Boots responds to ex-manager's claims of target pressures
The health and beauty giant has responded to a fitness-to-practise case of a former employee who falsified minor ailments service forms
Boots has responded to allegations by one of its former managers that “considerable” pressure to meet targets drove him to fraudulently register patients for Scotland's minor ailments service.
Pharmacist Asif Alam, registration number 2070147, was suspended for nine months by the General Pharmaceutical Council’s (GPhC) fitness-to-practise committee on June 9 after he admitted to “stupidly and naively” falsely registering £700-worth of patients for Scotland’s minor ailments service.
Mr Alam claimed to the GPhC that he had been put under “considerable” pressure to meet targets. He told the regulator that independent pharmacies – where he has worked as a locum following his dismissal from Boots – do not pressure their staff in the same way that the multiples do.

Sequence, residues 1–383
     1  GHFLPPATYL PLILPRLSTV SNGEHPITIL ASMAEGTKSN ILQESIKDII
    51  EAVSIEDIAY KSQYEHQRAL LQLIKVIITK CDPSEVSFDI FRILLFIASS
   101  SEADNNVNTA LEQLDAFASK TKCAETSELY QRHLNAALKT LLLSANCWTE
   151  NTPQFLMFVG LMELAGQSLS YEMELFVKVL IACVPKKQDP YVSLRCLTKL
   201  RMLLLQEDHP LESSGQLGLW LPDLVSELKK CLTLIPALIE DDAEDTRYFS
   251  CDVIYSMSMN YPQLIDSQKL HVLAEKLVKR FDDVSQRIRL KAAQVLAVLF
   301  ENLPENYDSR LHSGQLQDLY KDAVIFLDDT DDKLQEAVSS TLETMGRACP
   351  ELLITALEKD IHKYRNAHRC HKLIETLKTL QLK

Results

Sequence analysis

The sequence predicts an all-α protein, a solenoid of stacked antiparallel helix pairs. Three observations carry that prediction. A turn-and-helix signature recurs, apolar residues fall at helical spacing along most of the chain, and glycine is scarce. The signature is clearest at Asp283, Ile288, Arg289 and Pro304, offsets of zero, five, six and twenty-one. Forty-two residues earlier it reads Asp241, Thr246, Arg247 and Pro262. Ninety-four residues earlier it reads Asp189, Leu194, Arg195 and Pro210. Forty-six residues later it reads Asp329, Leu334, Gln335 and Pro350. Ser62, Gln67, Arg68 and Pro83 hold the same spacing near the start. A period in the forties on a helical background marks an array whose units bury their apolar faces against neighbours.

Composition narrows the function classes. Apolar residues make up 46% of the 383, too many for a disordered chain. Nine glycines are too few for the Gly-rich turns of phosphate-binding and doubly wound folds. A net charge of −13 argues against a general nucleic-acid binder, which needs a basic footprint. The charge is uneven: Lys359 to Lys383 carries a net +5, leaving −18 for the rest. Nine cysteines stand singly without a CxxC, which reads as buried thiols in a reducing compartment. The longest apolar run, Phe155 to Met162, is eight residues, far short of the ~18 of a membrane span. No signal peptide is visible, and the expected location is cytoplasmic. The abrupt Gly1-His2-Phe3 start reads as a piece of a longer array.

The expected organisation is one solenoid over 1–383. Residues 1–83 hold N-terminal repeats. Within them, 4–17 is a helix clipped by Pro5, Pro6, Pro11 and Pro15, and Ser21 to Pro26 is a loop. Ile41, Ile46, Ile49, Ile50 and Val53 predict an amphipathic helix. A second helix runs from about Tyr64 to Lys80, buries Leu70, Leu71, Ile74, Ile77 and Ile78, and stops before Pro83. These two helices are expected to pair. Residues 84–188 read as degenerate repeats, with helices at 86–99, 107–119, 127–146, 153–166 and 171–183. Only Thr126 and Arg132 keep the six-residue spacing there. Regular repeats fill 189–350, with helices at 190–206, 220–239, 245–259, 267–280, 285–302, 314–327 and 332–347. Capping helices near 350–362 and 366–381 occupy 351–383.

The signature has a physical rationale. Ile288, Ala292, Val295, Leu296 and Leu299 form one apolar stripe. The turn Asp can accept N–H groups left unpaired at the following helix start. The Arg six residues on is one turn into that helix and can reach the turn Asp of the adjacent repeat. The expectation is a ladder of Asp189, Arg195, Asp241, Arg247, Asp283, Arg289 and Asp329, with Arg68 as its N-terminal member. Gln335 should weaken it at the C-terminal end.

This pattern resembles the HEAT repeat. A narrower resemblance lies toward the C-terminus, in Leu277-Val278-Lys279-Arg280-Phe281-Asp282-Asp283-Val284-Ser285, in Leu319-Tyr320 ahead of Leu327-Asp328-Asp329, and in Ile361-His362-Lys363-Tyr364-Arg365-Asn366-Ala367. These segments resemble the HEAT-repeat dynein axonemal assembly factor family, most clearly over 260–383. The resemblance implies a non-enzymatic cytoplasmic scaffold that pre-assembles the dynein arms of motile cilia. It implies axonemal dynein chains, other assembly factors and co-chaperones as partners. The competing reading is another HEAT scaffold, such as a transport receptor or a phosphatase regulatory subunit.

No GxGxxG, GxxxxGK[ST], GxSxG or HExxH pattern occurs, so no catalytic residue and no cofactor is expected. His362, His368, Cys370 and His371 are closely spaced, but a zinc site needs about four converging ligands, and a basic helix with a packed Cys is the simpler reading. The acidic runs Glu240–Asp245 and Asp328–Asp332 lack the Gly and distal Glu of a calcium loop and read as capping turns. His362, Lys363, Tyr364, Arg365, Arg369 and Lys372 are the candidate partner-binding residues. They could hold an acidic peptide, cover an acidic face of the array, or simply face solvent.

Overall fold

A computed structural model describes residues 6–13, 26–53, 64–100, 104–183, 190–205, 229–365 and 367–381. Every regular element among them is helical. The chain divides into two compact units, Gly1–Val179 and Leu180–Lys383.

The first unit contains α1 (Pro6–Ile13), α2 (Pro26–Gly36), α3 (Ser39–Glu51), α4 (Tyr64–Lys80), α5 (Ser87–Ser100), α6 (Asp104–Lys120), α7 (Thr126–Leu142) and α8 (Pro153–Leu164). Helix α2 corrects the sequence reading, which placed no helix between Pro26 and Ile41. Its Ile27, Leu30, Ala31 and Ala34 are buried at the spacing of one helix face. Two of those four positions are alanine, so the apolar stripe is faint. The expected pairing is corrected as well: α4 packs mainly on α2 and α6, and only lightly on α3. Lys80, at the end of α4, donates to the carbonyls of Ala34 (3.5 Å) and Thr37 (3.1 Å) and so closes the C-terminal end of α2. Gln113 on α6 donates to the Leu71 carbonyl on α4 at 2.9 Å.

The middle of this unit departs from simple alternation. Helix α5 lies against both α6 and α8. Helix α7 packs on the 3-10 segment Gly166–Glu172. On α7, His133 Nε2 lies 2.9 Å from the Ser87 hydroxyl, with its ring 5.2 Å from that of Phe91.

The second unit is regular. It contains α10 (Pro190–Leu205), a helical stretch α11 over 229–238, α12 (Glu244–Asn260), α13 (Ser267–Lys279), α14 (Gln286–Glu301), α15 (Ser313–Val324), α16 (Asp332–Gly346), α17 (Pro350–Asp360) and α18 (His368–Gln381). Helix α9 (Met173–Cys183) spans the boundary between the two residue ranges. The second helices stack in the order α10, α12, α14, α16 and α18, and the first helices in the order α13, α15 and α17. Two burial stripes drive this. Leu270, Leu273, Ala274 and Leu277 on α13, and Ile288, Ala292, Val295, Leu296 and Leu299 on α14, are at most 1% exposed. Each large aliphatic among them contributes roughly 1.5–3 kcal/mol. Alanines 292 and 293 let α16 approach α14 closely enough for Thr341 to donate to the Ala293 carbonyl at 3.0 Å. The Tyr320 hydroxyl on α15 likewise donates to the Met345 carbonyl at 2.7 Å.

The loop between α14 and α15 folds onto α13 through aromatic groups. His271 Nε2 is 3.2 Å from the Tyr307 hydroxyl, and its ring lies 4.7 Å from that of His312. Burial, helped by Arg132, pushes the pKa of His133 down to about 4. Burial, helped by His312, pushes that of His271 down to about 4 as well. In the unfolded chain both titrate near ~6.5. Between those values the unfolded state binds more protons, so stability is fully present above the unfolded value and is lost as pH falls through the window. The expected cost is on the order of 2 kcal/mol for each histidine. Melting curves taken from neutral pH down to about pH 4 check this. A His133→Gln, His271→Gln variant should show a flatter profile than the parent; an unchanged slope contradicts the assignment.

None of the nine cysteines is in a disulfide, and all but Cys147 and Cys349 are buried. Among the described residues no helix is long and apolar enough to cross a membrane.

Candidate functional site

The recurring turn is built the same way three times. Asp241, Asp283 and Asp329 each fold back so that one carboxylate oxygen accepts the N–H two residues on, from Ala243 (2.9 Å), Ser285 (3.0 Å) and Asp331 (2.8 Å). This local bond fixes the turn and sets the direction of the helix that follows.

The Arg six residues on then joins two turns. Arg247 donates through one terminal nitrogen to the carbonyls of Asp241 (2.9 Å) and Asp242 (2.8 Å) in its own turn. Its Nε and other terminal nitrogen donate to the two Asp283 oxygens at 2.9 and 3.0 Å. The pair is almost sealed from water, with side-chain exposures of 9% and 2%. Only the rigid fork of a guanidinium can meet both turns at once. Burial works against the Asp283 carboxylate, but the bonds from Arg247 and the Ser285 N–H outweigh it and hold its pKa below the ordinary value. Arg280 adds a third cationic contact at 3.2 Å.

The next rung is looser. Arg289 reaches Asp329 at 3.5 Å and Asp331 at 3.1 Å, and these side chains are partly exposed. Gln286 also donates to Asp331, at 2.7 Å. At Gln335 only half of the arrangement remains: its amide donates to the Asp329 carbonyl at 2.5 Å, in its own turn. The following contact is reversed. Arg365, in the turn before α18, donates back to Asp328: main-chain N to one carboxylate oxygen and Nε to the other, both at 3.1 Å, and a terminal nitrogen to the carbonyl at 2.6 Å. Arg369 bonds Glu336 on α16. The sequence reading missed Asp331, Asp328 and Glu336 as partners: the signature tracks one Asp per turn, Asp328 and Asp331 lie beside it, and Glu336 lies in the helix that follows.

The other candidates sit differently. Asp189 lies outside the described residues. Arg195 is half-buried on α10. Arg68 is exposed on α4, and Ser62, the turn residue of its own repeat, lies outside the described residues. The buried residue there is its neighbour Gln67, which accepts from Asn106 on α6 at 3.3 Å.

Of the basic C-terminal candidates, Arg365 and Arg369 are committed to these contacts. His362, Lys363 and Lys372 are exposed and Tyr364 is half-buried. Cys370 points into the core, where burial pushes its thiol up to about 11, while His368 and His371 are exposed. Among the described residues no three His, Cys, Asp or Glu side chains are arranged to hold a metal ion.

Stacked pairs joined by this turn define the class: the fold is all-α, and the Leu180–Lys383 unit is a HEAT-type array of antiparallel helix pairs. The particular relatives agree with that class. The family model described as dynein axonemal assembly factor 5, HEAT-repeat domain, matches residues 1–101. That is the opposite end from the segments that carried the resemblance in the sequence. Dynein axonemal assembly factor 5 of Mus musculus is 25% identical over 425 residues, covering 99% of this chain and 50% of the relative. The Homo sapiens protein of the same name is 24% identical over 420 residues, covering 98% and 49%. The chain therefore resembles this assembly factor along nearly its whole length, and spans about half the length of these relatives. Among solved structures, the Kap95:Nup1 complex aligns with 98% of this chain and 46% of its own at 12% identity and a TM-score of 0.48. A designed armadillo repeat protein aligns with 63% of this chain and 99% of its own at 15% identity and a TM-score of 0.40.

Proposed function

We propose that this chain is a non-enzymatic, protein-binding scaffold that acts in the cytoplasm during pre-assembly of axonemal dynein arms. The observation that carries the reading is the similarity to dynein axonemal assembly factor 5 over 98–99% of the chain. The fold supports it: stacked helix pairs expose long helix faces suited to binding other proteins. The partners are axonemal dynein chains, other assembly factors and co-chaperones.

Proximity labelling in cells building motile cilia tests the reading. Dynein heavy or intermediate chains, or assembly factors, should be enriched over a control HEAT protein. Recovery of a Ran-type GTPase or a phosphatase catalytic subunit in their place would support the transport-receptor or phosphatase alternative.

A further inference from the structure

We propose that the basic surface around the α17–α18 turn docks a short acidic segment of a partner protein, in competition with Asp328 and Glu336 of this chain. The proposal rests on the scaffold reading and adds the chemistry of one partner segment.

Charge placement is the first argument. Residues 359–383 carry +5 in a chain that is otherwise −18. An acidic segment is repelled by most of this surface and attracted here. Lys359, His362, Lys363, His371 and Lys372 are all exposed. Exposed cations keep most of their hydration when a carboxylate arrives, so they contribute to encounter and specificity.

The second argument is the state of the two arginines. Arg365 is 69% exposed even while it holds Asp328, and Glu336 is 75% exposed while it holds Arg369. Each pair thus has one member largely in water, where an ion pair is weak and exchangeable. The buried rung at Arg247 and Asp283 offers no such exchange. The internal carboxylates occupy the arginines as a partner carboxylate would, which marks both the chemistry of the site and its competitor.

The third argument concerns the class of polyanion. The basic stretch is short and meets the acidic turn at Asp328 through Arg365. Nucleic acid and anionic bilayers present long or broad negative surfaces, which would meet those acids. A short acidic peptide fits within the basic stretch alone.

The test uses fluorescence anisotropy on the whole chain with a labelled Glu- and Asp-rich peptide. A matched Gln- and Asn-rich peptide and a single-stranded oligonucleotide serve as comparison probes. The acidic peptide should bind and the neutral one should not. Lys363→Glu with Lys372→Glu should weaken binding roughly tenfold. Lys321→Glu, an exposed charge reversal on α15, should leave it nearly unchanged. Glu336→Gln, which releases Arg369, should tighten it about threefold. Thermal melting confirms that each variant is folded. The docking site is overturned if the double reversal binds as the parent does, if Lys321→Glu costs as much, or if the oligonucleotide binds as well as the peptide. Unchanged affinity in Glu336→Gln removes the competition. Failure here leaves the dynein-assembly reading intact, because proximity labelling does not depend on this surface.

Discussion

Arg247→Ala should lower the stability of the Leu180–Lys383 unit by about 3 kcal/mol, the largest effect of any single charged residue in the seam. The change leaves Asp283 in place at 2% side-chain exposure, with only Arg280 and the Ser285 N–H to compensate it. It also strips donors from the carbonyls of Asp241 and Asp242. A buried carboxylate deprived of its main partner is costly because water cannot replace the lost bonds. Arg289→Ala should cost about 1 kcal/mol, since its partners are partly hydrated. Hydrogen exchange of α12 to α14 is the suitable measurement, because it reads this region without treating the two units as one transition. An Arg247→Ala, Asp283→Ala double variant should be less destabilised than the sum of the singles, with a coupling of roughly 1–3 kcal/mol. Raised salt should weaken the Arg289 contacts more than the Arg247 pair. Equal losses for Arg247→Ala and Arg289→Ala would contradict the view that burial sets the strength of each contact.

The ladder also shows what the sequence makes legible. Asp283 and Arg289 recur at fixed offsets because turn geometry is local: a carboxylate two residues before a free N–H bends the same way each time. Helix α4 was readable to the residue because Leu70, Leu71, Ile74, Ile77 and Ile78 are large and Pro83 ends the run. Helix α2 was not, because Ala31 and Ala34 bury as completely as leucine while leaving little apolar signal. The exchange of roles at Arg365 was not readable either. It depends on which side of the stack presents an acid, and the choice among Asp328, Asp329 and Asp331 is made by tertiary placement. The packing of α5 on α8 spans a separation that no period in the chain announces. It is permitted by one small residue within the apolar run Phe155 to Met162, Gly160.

In response to the claims, Boots’ chief pharmacist Marc Donovan told C+D that the multiple “cannot comment on individual cases”.
But the health and beauty giant “makes it clear” to staff that clinical services should not be undertaken inappropriately, he stressed. Boots pharmacists are “empowered” to use their professional judgement to decide how appropriate it is to offer a clinical service, he said.
“If a pharmacist feels their work is being compromised at any time, they have a right and a professional duty to speak to their line manager or to the chief pharmacist’s office to raise the issue and to make sure a solution can be found,” Mr Donovan added.
Read C+D's full coverage of Mr Alam's fitness-to-practise case here.